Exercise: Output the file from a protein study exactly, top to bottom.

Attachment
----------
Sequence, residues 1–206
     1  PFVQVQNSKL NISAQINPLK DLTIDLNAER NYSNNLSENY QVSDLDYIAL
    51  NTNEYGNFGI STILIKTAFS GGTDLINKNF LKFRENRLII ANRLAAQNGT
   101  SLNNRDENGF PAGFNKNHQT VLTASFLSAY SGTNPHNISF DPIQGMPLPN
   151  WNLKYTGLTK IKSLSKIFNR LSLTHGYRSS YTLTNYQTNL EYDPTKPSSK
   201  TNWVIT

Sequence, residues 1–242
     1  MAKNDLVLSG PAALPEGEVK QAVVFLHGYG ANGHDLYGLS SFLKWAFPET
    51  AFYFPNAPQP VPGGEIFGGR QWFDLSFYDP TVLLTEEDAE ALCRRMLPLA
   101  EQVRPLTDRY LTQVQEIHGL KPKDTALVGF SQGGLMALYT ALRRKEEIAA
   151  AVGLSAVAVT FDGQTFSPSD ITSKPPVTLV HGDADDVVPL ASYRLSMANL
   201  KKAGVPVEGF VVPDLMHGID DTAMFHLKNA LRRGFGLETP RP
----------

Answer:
Sequence, residues 1–206
     1  PFVQVQNSKL NISAQINPLK DLTIDLNAER NYSNNLSENY QVSDLDYIAL
    51  NTNEYGNFGI STILIKTAFS GGTDLINKNF LKFRENRLII ANRLAAQNGT
   101  SLNNRDENGF PAGFNKNHQT VLTASFLSAY SGTNPHNISF DPIQGMPLPN
   151  WNLKYTGLTK IKSLSKIFNR LSLTHGYRSS YTLTNYQTNL EYDPTKPSSK
   201  TNWVIT

Sequence, residues 1–242
     1  MAKNDLVLSG PAALPEGEVK QAVVFLHGYG ANGHDLYGLS SFLKWAFPET
    51  AFYFPNAPQP VPGGEIFGGR QWFDLSFYDP TVLLTEEDAE ALCRRMLPLA
   101  EQVRPLTDRY LTQVQEIHGL KPKDTALVGF SQGGLMALYT ALRRKEEIAA
   151  AVGLSAVAVT FDGQTFSPSD ITSKPPVTLV HGDADDVVPL ASYRLSMANL
   201  KKAGVPVEGF VVPDLMHGID DTAMFHLKNA LRRGFGLETP RP